A measure requiring teenagers in Oklahoma to take a boater safety course before operating boats and jet skis moved one step closer to becoming law after passing the House of Representatives.
Senate Bill 1495, by State Sen. Kenneth Corn (D-Poteau) and State Rep. Ken Miller, would create the “Kyle Williams Boating Safety Education Act,” prohibiting anyone under the age of 12 from operating a vessel with a motor in excess of 10 horsepower or any sailboat more than 16 feet long.
The bill, named after a 12-year-old Edmond boy who was killed in a jet-ski accident in August 2004, also requires children between the ages of 12 and 16 to complete a boater safety education course and be accompanied by an adult before being allowed to operate such vessels.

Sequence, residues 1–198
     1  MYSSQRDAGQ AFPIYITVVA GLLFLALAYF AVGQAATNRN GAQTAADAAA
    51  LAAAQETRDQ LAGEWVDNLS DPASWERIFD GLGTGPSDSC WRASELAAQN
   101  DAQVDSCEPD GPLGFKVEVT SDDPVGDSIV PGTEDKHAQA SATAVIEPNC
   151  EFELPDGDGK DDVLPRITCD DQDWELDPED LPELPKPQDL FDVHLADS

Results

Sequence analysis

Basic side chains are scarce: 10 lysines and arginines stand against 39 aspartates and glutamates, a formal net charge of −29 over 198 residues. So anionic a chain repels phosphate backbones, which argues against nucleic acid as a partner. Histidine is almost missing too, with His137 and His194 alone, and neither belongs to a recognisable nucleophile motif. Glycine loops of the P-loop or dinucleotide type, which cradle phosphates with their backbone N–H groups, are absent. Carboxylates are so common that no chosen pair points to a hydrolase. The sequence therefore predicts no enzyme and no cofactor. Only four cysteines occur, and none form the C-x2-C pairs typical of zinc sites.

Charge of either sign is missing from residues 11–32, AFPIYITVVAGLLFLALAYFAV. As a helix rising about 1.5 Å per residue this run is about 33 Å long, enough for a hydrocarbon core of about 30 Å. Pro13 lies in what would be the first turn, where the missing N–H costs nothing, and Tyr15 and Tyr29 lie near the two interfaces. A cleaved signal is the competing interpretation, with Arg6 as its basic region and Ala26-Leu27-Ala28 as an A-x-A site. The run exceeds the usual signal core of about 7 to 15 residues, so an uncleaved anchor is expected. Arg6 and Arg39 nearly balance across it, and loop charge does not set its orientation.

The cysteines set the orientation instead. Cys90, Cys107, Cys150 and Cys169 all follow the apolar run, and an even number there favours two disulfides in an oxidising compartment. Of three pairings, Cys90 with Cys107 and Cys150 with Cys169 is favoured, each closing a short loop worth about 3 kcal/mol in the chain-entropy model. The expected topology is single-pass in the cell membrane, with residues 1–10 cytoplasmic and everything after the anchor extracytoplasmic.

“Oklahoma is one of only eight states that don’t require any boater education for teenagers and children prior to operating a boat,” said Miller, R-Edmond. “This is a common sense measure to protect our children. Left on their own, teenagers are not going to make the best decisions; usually because they don’t understand the dangers involved when they operate these vessels without proper training.”
Currently, Oklahoma law requires a person to be at least 12 years old to operate a jet ski or boat, but there are no additional educational requirements. Studies have shown that 80 percent of fatalities involving watercraft happen when the operator has not had any boating education.
“This is a measure that doesn’t require any additional funding to enact because boater education courses have been offered for thirty years in this state,” said Miller.”
Miller’s bill has been supported by the Personal Watercraft Industry Association.
SB 1495 passed on the House floor by a vote of 75-16 and now moves back to the Senate.
Source: Oklahoma House of Representatives
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